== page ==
[Wannier] parameter to control convergence
Tadashi Ogitsu
ogitsu at llnl.gov
Fri Aug 25 04:10:41 CEST 2006
Good evening,
1. I have found that those MLWFs with unusually large spread vanish
if I increased the k-points grid size. I was using 2x2x2 before and
now I'm using 4x4x4. Does it make sense? (Now, all of the MLWFs look
reasonably localized)
#Since the unit-cell size is big with beta-boron, I thought 2x2x2
grid is not that bad, but this seems to tell me that I cannot go
cheap...
2. Also, at the beginning, I've mentioned about a possibility of
memory leak. It seems that, memory size grow very much if I turn on
wannier_plot. It grew rapidly after running for awhile, so, I
suspected the memory leak initially. I found out later that if I
switch off the option, the memory size stays around 100MB. Now, I'm
guessing that turning on this option simply allocates large memory
space. In my case, the original basis size were 66^3 FFT grid times
180 bands and, at that time, 2x2x2 kpoints.
My firs question on this issue is that, does the wannier_plot indeed
require larger memory size? Then, how can I estimate the size?
In that particular case, the job crashed after awhile, and the
machine has 32GB memory, so it looks like, it went over 32GB!
#I would imagine that the memory size would be estimated something
like (FFT grid)*(# bands)*(# of kpoints) *prefactor. I would like to
know the prefactor if this assumption is correct.
Thanking in advance!
Best,
Tadashi
On Aug 23, 2006, at 12:35 PM, Jonathan Yates wrote:
> On Wed, 23 Aug 2006, Tadashi Ogitsu wrote:
>
> Hi Tadashi,
>
> Thanks for telling us about your Boron calculations.
>
> I'd like to make a fairly general comment. But I think it might be
> at the root of your question.
>
> If we look at the valence states of an insulator then the MLWF are
> determined by the localisation criteria. The MLWF are "fully
> occupied", by which I mean that the sum of |w(r)|^2 over all of the
> WF gives the charge density. Here it is certainly valid to think
> about the bonding in terms of the MLWF.
>
> When we use the disentangling procedure (ie for a metal or to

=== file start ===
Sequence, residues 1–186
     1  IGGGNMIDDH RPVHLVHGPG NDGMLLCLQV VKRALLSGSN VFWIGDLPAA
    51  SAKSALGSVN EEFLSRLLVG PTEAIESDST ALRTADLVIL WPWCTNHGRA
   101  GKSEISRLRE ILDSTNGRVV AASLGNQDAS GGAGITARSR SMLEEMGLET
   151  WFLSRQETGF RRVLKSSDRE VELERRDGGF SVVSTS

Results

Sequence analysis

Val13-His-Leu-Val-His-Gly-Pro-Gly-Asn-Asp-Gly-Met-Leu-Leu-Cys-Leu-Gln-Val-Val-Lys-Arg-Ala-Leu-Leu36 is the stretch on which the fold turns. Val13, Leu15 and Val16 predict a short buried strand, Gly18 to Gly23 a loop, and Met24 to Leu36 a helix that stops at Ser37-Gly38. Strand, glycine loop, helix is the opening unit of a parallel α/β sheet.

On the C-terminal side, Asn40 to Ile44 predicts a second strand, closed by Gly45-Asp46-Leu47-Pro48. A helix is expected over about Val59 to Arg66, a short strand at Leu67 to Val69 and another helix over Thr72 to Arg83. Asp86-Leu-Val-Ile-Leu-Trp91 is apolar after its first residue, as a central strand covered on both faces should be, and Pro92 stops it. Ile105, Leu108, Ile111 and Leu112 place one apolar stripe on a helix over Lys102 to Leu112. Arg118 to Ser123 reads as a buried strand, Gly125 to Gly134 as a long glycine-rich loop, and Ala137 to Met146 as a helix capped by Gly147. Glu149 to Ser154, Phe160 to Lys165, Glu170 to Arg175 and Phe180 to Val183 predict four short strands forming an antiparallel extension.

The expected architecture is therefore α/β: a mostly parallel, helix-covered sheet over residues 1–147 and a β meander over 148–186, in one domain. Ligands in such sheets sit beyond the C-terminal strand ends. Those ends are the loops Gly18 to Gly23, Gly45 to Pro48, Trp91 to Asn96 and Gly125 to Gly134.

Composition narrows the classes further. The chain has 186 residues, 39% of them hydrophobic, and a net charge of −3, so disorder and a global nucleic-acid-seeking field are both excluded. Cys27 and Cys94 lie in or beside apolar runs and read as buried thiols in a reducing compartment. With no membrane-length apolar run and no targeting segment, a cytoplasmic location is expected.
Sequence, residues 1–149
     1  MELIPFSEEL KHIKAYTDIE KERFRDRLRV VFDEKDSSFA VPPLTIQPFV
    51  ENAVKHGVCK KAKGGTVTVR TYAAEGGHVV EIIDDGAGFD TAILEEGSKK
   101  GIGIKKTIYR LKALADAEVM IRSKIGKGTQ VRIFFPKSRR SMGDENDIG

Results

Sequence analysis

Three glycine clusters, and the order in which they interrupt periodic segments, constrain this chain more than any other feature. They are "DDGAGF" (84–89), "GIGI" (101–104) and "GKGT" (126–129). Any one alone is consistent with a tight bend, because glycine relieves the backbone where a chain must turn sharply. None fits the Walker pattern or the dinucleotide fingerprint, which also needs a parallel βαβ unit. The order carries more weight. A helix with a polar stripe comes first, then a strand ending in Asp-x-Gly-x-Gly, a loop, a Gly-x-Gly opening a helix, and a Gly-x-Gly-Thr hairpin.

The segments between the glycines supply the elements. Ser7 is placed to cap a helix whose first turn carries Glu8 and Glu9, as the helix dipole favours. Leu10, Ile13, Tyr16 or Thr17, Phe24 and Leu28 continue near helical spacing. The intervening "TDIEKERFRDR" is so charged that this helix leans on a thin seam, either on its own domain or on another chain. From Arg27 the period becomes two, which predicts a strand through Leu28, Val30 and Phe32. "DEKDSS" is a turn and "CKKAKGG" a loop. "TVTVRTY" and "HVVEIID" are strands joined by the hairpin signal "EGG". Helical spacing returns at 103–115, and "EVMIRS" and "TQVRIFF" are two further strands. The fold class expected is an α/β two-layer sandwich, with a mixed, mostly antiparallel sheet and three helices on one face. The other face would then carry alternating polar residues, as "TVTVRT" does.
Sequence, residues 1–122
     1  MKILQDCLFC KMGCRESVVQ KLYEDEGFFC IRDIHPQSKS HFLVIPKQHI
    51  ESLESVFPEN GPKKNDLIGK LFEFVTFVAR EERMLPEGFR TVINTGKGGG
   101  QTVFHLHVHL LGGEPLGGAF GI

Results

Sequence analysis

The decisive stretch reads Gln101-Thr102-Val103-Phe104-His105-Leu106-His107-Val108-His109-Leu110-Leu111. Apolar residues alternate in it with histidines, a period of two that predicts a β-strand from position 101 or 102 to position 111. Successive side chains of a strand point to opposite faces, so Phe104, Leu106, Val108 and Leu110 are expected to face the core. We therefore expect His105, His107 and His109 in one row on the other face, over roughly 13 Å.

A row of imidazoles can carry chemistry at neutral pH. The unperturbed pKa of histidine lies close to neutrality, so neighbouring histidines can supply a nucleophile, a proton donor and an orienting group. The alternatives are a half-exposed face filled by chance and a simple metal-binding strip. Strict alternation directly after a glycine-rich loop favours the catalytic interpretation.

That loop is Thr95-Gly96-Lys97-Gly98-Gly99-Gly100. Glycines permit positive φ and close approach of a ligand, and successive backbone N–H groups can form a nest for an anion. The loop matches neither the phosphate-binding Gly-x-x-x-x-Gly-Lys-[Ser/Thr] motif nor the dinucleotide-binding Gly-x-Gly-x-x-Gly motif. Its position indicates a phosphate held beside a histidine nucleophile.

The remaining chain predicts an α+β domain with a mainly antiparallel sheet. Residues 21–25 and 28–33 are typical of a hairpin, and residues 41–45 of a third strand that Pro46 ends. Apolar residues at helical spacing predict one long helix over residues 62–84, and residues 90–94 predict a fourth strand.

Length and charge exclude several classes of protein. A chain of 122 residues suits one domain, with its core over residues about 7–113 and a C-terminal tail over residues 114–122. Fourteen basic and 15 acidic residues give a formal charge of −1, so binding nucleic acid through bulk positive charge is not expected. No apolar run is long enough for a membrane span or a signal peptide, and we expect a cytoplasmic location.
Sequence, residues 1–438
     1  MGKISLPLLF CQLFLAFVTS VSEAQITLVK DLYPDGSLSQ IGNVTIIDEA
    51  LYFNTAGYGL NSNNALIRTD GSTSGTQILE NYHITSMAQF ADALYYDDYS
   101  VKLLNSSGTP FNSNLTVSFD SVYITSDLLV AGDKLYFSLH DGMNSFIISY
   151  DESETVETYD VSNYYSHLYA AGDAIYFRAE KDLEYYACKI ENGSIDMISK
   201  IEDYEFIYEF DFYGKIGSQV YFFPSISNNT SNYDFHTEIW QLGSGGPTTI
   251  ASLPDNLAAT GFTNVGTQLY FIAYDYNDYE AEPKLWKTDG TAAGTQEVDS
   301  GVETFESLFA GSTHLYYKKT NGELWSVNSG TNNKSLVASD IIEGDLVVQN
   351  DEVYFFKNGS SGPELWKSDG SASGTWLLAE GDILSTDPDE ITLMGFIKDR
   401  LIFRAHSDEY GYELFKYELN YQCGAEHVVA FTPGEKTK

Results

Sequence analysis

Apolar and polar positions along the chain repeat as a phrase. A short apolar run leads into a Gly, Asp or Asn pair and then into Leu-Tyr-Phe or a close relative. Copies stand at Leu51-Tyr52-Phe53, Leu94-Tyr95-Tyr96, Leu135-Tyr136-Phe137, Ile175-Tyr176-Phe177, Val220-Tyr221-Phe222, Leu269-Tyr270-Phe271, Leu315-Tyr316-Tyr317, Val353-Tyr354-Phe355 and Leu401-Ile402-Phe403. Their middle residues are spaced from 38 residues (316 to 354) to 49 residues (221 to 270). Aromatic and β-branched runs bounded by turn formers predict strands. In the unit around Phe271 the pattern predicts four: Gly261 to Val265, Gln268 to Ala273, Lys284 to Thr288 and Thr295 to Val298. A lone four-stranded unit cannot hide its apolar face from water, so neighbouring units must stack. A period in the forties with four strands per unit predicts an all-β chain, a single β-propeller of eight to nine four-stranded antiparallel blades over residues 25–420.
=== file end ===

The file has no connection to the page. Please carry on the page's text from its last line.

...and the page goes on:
> describe both valence and conduction states in a insulator) the
> MLWF are defined not only by the localisation criteria, but also by
> the dimension of the optimal subspace (ie the number of WF) and the
> ranges of the two energy windows.
> The MLWF are no longer fully occupied, we have "partially-
> occupied" MLWF. So now the sum of |w(r)|^2 over all of the WF is
> the not the charge density. Using these MLFW to interpret the
> bonding in metals is therefore not straight-forward. [which is to
> say that you need to think about how this issue affects your
> particular problem.]
>
>> Do the occupation given in the pwscf calculations used in
>> Wannier90 code? or in Wannier90, only eigenfunctions from the
>> pwscf output are used and the energy window to construct the
>> Wannier functions (or the definition of subspace for the unitary
>> transformation?) is determined only by dis_*_[min|max] parameters?
>> Thanks a lot!
>
> You are correct, Wannier90 does not know anything about the
> occupation of the bloch states. The energy windows are determined
> by the dis_*_[min|max] parameters. One must also specify the number
> of WF to extract.
>
> There is a keyword called 'fermi_energy'. This is not used in the
> construction of the WF. It is used when generating a plot of the
> Fermi surface using Wannier interpolation [eg /cond-mat/0608257].
>
> Yours
> Jonathan
>
> --
> Dr Jonathan Yates: email: jryates at lbl.gov phone: 510-642-7302
> Material Science Division, Lawrence Berkeley National Laboratory and
> Department of Physics, University of California,
> 366 Le Conte Hall #7300, Berkeley, CA 94720-7300, USA
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